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    Adafruit NeoPixel Digital RGB LED Weatherproof Strip 60 LED -1m: You thought it couldn’t get better than our world-famous 32-LED-per-meter Digital LED strip but we will prove you wrong! You wanted twice the LEDs? We got it (well, its 1.875 times as many but that’s within a margin of error). You wanted thinner strips? Now only 12.5 mm wide, 10 mm if you remove the strip from the casing. You wanted less noticable strip color – this strip has white-colored flex PCB, which will be less visible against white-painted walls. This is the strip with white flex PCB, its identical to the black 60 LED/meter except it has a different color mask on the flex strip Read more.


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    Adafruit GEMMA – Miniature wearable electronic platform: Love FLORA but want a bite-sized version? Look no further, GEMMA is a tiny wearable platform board with a lot of might in a 1″ diameter package. Powered by a Attiny85 and programmable with an Arduino IDE over USB, you’ll be able to realize any wearable project!

    We wanted to design a microcontroller board that was small enough to fit into any project, and low cost enough to use without hesitation. Perfect for when you don’t want to give up your Flora and you aren’t willing to take apart the project you worked so hard to design. It’s our lowest-cost sewable controller! Read more.


    Flora breadboard is Every Wednesday is Wearable Wednesday here at Adafruit! We’re bringing you the blinkiest, most fashionable, innovative, and useful wearables from around the web and in our own original projects featuring our wearable Arduino-compatible platform, FLORA. Be sure to post up your wearables projects in the forums or send us a link and you might be featured here on Wearable Wednesday!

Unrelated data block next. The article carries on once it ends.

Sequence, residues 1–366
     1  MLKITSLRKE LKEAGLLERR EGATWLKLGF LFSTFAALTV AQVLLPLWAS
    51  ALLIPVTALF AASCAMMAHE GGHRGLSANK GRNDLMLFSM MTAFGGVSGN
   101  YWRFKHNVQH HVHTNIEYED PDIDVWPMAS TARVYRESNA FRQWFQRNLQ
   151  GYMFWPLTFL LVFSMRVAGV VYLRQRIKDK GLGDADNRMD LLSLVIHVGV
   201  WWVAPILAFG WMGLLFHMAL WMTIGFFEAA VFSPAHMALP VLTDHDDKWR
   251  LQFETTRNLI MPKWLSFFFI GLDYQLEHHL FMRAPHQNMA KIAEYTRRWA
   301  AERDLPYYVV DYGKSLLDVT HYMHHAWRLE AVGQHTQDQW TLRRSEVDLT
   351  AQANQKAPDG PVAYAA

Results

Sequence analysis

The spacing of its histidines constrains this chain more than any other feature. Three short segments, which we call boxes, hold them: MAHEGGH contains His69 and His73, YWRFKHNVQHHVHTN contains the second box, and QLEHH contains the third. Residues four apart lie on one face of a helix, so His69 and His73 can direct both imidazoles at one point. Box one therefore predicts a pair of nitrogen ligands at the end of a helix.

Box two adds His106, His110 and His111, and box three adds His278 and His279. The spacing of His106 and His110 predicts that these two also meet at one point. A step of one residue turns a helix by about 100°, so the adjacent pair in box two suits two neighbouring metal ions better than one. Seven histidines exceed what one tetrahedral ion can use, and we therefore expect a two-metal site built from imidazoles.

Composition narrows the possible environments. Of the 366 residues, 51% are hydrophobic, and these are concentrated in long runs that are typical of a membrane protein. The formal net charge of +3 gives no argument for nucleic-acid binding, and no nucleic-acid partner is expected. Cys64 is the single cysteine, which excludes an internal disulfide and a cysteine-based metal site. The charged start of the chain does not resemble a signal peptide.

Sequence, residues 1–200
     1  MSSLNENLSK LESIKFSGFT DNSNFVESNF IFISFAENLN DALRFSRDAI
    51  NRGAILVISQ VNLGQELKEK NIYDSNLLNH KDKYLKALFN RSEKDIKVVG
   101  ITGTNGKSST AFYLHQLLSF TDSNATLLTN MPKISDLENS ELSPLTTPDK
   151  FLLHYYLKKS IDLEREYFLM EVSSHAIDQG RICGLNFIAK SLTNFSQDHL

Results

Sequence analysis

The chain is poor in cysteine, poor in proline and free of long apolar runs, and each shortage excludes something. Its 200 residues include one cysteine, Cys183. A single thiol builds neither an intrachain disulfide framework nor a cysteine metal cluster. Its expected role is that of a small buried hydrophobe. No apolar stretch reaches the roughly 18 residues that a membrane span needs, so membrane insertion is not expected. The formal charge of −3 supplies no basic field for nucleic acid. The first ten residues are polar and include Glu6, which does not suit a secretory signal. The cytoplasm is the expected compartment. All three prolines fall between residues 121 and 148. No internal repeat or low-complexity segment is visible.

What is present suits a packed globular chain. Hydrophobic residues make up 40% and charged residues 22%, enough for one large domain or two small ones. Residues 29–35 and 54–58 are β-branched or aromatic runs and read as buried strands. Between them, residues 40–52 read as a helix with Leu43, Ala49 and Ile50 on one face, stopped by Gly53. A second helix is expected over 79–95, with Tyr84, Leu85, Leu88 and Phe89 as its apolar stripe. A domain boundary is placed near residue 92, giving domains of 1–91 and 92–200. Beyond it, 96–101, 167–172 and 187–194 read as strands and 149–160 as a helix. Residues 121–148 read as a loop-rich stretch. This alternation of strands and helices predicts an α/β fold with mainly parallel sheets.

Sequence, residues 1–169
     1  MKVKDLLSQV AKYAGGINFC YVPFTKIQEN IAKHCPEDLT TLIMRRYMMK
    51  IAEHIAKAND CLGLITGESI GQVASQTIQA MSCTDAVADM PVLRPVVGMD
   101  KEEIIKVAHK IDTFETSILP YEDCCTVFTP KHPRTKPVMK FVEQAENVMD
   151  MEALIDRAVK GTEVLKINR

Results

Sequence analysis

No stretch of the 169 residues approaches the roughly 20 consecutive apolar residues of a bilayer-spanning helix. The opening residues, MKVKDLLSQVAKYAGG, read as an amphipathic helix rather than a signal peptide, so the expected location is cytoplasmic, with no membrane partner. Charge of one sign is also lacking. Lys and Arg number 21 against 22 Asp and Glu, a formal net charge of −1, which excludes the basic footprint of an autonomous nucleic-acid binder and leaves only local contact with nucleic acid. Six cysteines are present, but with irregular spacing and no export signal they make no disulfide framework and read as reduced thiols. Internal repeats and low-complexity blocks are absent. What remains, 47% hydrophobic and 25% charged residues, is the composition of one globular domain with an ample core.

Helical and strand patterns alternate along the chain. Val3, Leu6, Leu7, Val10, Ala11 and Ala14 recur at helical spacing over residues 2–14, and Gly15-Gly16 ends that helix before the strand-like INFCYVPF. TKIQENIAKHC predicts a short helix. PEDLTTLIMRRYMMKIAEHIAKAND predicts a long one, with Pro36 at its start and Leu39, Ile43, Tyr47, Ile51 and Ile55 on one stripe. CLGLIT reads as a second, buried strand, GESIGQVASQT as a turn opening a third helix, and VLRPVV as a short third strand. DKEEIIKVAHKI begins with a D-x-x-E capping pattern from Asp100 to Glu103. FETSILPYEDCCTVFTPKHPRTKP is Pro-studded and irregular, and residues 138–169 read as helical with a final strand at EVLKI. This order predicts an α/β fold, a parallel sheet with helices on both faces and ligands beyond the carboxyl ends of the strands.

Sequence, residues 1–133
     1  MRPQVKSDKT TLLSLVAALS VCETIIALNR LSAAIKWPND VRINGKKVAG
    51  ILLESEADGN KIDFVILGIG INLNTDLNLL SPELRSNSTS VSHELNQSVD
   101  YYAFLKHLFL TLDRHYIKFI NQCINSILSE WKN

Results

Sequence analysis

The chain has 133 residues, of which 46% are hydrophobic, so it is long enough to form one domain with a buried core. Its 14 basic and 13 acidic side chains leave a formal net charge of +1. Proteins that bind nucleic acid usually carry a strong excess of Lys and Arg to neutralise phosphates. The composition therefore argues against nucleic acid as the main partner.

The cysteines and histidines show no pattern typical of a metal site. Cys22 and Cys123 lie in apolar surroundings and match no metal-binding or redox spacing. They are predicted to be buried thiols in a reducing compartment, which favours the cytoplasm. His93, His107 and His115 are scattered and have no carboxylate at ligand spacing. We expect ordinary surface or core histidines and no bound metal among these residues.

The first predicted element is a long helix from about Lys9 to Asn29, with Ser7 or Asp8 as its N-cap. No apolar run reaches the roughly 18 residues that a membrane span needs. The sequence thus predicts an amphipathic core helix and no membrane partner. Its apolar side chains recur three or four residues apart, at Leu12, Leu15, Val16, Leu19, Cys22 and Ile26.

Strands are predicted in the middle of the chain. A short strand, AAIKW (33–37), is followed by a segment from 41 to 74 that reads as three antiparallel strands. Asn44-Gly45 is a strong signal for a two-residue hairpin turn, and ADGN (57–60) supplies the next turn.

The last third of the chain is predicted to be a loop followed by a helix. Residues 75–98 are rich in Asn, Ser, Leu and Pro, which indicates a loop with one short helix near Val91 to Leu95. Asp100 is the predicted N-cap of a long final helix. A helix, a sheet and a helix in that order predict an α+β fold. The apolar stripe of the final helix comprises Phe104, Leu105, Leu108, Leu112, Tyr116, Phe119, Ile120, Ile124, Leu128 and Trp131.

• Wednesday, April 9, 2014 - 07:00
    VCF East: PR1ME And AT&T Unix Boxes

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    At the Vintage Computer Festival last weekend, there was a wonderful representation of small 8 and 16-bit home computers from the 80s, an awful lot of PDP and VAX-based minicomputers, and even some very big iron in the form of a UNIVAC and a Cray. You might think this is a good representation of computing history, but there was actually a huge gap in the historical reality. Namely, workstations and minicomputers that weren’t made by DEC.

    [Ian Primus] was one of the very few people to recognize this shortcoming and brought his PRIME minicomputer. This was a huge, “two half racks, side by side” computer running PRIMOS, an operating system written in FORTRAN. Of course this made it extremely popular with engineering teams, but that doesn’t mean [Ian] can’t have fun with it. He had two terminals set up, one running Dungeon (i.e. Zork pre-Infocom) and a text-based lunar lander game.